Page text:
The final obstacles for the largest renewable energy project in the region, and one of the biggest in Australia, are slipping away as the state Planning Minister gives his tick of approval.
The 215-turbine Golden Plains Wind Farm, to be built at Rokewood, has been bogged down in years of legal battles but has finally been given the green light by Victorian Planning Minister Richard Wynne approving a planning amendment.
The dispute centred around the initial planned layout for 228 turbines, and the potential effect on brolga populations in the area.
With this approval, proponent WestWind will now move to the next phase of development for the $2 billion project, which is to secure a grid connection – managing director Tobi Geiger said the company was working closely with the independent Australian Energy Market Operator on this.
“There were conditions for brolga buffers – that required potentially a redesign of the layout where the turbines are going, and because of those movements, quite a lot were needed, so we needed a planning permit amendment, which we’ve received,” he said.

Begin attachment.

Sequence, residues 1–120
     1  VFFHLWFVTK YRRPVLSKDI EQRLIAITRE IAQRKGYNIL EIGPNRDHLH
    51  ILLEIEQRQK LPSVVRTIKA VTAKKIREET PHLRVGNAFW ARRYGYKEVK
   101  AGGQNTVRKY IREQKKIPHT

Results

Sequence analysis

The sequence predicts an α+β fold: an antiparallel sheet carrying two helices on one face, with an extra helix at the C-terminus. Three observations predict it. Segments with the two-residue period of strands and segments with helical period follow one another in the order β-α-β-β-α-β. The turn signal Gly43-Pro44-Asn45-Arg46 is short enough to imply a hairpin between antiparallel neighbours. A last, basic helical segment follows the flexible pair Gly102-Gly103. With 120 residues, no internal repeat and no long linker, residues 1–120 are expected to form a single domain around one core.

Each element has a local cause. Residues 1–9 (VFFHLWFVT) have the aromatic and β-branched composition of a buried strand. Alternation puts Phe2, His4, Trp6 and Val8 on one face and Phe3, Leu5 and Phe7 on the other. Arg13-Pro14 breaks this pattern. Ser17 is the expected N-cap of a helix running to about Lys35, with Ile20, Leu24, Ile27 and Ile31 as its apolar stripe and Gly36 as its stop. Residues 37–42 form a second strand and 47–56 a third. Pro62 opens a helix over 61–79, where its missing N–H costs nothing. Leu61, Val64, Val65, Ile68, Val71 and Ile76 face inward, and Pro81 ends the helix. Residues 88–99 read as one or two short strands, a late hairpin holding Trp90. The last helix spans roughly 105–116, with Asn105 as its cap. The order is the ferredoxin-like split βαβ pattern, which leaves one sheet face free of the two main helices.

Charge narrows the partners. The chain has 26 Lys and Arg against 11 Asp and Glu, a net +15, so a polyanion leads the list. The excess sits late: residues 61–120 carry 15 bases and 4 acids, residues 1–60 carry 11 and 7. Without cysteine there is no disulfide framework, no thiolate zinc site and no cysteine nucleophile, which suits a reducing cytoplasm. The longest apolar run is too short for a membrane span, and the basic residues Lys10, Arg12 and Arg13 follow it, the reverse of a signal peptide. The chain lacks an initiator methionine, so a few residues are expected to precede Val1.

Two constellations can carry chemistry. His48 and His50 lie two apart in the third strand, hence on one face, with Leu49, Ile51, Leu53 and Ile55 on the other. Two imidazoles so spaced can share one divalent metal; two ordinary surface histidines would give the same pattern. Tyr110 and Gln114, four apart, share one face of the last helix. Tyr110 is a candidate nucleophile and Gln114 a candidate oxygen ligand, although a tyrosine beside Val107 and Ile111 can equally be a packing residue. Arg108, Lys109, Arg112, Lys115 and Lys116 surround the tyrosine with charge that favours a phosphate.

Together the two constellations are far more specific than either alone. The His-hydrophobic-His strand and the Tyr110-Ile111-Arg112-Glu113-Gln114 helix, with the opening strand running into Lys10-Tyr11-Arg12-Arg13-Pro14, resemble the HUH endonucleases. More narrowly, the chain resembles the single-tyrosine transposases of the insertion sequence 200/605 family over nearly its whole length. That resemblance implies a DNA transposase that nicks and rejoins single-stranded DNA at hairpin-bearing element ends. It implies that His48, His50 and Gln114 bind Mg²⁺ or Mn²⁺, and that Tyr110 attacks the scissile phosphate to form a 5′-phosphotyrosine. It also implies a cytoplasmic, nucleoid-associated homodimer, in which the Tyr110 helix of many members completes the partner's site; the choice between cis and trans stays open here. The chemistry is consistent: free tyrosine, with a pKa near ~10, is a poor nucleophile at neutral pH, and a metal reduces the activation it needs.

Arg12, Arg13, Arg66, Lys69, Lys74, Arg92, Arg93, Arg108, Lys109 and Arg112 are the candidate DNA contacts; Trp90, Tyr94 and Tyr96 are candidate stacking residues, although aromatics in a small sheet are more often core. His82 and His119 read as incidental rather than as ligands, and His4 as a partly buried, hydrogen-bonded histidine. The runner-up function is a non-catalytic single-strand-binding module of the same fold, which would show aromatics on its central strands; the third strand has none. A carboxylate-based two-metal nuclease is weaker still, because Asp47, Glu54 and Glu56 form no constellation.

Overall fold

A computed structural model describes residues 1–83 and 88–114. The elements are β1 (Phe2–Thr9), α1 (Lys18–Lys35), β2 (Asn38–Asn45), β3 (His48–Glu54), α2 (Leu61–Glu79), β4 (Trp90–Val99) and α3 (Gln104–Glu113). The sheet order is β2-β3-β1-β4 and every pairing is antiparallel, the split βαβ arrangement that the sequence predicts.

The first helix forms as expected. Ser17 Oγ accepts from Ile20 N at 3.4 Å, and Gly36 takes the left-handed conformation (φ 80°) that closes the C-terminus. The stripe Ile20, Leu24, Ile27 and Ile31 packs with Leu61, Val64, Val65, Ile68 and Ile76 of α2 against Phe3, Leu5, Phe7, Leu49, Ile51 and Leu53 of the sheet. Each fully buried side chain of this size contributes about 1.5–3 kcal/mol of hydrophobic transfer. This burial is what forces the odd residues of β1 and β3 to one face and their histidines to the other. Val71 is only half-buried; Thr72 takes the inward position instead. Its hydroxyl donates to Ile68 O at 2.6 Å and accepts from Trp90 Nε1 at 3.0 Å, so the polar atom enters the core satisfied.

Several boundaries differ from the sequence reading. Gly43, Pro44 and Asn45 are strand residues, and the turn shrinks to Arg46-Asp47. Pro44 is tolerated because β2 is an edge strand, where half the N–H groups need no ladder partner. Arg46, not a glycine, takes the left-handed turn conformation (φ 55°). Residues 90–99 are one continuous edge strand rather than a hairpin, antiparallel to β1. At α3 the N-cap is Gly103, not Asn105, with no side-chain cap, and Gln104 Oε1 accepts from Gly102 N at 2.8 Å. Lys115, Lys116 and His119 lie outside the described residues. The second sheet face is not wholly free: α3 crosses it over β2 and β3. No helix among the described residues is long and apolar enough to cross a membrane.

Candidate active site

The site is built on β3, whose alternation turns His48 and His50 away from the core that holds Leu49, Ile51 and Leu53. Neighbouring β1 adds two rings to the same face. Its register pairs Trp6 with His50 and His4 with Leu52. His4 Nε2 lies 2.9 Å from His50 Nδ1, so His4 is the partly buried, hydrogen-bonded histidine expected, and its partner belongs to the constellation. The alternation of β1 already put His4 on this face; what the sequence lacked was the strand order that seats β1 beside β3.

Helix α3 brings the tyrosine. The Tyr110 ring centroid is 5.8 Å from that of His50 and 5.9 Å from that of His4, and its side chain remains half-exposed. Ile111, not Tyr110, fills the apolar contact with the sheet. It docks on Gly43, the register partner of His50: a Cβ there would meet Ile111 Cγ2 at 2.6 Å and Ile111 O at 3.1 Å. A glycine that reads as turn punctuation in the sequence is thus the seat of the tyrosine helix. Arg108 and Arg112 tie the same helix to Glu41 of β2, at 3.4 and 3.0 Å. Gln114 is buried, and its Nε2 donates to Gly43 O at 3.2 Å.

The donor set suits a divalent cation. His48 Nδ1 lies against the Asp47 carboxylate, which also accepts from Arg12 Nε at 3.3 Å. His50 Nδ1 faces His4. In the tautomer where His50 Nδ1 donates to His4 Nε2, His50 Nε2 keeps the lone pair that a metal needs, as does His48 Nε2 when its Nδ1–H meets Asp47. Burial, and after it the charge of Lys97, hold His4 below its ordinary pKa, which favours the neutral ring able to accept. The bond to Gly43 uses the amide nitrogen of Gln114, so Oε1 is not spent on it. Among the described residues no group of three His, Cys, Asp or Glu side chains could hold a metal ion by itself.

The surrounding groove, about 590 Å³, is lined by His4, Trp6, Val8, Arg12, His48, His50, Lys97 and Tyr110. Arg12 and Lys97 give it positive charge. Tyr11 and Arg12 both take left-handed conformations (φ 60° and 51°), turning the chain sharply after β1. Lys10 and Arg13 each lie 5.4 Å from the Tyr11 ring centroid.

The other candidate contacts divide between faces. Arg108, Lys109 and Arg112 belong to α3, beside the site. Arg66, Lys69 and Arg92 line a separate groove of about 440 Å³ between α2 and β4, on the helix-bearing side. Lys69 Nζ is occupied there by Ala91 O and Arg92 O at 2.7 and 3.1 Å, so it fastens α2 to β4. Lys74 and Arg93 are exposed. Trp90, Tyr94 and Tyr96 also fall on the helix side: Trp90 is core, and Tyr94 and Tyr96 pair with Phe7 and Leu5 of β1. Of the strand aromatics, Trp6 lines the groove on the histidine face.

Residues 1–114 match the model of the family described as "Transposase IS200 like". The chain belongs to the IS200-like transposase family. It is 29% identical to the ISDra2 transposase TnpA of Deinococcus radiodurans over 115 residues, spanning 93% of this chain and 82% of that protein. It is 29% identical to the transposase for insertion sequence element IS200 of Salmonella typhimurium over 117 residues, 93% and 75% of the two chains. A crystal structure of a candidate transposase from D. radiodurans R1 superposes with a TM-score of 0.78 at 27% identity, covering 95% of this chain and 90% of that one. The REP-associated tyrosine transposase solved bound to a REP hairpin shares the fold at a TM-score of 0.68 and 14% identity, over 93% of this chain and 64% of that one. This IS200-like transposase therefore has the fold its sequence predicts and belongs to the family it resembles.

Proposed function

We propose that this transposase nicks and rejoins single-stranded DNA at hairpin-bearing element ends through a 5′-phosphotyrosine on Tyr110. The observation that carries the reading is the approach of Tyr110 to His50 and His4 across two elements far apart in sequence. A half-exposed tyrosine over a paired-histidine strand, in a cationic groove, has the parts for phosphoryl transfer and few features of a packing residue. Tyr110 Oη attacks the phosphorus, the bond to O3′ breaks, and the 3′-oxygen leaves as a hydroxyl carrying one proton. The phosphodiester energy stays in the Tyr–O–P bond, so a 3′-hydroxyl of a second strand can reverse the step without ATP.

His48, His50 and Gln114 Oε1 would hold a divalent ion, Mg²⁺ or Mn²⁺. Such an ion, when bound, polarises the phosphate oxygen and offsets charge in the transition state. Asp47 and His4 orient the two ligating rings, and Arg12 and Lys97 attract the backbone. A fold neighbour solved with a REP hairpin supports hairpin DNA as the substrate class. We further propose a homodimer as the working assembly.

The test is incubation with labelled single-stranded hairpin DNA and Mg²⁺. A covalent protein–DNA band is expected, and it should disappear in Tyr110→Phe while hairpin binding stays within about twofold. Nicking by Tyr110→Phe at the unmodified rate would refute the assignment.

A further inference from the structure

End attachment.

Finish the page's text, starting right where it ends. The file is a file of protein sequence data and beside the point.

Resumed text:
He noted the permit still allows the company to build up to 228 turbines, but the current layout is for 215.
Previously, WestWind has argued the massive project would have significant effects on the town of Rokewood as well as the shire more broadly, with the proponents promising to invest back into the community.
As reported earlier there will be direct payments from proponent WestWind to host landholders and neighbours, residents within three kilometres of a turbine will also receive free electricity, and a community fund – $1000 annually for each turbine, or up to about $228,000 – will support projects in the area.
The assessment report was signed off in 2019 but there were legal appeals from landholders surrounding the proposal, which led to the requirement for a permit amendment.
If the project receives all necessary approvals, construction could begin by mid-next year.
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